The Association of Native Americans at Yale hereby offers a response to the Yale Daily News’ article entitled “NACC staff departures prompt student frustration” released at 2:31 a.m. on Feb. 26, 2019.

It is ANAAY’s opinion that the News should promptly rescind its article concerning the Native American Cultural Center and its student community.

The News produced this article with complete disregard for social costs on the Native community and matriculating Native pre-frosh. Instead of focusing on Native students, the News article used a damage-based approach to depict the current staff turnover situation at the NACC. The News chose, as suggested by the title, to emphasize how frustrated Native students are with the situation, a decision that undermines Indigenous agency on campus by only using a damaged gaze.

This is deeply unsettling because many writers and researchers rely on this same damage-based approach to depict entire Native communities, and have for generations. 1

Several members of our community were contacted by the News over the past few weeks to give a statement for the article in question, but did not do so because they did not feel comfortable with how the News would skew their words, merely for the story. No doubt, the News did not consider how emotionally exhausting it might be for certain members attached to Assistant Director Kapiolani Laronal and Dean Kelly Fayard to articulate their opinions on the respective departures.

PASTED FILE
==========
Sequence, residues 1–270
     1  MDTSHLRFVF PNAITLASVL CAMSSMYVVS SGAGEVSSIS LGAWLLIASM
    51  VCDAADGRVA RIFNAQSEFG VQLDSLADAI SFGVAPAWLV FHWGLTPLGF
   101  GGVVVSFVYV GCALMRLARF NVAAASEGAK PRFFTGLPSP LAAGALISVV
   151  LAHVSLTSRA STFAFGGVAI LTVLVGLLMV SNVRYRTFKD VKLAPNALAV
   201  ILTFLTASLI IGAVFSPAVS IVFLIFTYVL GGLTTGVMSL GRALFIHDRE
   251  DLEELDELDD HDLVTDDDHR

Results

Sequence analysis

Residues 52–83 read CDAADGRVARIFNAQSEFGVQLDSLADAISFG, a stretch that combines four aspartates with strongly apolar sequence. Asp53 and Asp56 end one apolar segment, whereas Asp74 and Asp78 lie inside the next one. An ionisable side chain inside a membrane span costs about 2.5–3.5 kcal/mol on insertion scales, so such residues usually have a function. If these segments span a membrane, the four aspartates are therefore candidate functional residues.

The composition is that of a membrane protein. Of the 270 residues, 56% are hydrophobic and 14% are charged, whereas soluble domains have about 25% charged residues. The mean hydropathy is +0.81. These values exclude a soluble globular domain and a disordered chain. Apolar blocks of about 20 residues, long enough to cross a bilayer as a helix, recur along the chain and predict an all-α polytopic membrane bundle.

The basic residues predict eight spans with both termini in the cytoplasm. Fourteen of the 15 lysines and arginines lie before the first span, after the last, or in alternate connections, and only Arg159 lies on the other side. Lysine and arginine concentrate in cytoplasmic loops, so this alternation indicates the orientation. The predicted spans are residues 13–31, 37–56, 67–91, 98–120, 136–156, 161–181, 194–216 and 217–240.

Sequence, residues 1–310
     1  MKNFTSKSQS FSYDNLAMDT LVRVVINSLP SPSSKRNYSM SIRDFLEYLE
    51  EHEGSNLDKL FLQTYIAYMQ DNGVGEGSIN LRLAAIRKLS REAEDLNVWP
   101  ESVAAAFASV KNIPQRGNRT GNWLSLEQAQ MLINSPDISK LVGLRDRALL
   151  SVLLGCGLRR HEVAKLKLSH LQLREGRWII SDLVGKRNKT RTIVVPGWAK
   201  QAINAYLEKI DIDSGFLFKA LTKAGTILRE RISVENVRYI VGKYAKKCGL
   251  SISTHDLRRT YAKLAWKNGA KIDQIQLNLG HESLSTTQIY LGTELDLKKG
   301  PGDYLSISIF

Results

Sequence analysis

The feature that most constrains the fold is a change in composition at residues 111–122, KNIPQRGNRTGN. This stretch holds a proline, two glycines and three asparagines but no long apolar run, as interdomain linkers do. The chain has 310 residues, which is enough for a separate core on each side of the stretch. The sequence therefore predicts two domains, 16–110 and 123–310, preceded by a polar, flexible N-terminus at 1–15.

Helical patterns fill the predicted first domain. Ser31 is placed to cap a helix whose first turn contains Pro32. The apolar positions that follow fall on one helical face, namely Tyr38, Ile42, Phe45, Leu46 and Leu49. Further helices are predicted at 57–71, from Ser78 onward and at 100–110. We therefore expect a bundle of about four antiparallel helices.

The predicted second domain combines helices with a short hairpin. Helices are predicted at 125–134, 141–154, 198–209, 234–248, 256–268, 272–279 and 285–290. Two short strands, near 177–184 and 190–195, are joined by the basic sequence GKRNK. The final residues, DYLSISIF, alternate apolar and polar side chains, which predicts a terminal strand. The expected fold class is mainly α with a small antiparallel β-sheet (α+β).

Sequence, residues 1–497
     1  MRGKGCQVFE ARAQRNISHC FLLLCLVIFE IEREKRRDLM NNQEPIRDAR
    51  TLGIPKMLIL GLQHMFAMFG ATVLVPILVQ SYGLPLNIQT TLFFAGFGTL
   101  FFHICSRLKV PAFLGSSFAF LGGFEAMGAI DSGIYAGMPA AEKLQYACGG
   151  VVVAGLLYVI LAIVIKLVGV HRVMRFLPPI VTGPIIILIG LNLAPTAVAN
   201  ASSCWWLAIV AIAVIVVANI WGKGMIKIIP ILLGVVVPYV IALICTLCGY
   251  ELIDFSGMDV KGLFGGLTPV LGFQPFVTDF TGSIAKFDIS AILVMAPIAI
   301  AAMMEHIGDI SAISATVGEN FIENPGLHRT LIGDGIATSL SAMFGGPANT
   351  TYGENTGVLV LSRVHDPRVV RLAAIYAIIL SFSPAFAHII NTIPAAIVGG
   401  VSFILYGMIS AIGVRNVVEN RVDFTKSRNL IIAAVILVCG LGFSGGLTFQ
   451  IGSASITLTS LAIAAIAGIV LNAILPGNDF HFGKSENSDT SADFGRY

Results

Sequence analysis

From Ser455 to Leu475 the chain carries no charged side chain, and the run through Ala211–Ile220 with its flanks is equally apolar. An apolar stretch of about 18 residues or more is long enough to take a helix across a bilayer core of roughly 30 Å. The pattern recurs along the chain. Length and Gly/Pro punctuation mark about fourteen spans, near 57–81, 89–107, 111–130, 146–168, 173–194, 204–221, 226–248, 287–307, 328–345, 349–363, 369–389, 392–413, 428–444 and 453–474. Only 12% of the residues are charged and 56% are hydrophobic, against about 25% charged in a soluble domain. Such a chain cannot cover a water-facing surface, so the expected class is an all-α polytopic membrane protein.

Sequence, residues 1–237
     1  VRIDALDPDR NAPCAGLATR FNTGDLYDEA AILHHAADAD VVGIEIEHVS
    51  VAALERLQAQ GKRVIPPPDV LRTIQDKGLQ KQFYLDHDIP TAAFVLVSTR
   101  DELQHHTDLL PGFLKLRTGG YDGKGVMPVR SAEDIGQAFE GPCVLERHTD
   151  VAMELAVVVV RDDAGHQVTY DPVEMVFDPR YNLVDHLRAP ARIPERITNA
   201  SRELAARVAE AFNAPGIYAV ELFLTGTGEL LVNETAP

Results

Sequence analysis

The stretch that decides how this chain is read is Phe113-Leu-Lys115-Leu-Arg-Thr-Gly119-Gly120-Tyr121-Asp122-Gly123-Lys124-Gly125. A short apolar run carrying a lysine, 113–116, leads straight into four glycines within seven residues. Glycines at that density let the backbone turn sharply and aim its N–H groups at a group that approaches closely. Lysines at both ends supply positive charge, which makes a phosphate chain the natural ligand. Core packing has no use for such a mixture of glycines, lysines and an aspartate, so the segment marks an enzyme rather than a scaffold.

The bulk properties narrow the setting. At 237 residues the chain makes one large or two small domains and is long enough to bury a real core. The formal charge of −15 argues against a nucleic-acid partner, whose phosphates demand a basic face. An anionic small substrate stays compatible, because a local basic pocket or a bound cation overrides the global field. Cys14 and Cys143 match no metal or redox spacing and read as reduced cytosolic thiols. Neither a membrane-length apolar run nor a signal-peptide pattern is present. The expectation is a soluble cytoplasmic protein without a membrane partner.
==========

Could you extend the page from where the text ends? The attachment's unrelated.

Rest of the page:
Members of ANAAY want to reassure the rest of the Native community and matriculating Native students of our commitment to our community and pride in how far we have come since Laronal and Fayard have joined it. ANAAY wishes the very best for both Laronal and Fayard in their future endeavors, as two badass Indigenous women who are sure to go on and do amazing things for our communities.

ANAAY argues that the News article distracts from the legacy of these two fierce leaders of our community, and instead depicts Natives on campus as too “upset” to function. ANAAY certainly wants Native students to be a priority for the Yale College Dean’s Office in the future, but not at the expense of recognizing the current strength of our community.

Association of Native Americans at Yale (ANAAY)

Editor’s Note, March 8: It is the policy of the News to not retract any stories, except in cases of extreme factual error or a breach in journalistic ethics. We do not believe that the story “NACC staff departures prompt student frustration” falls into either of those categories.

Still, we welcome all feedback and criticism of our reporting, particularly when we face the charge of sensationalism or a lack of compassion for the communities we cover at Yale and in New Haven. We take these allegations seriously, and we will make a stronger effort moving forward to more responsibly and productively cover the Native community at Yale. This especially includes making greater strides to respect the emotional well-being and comfort of our sources.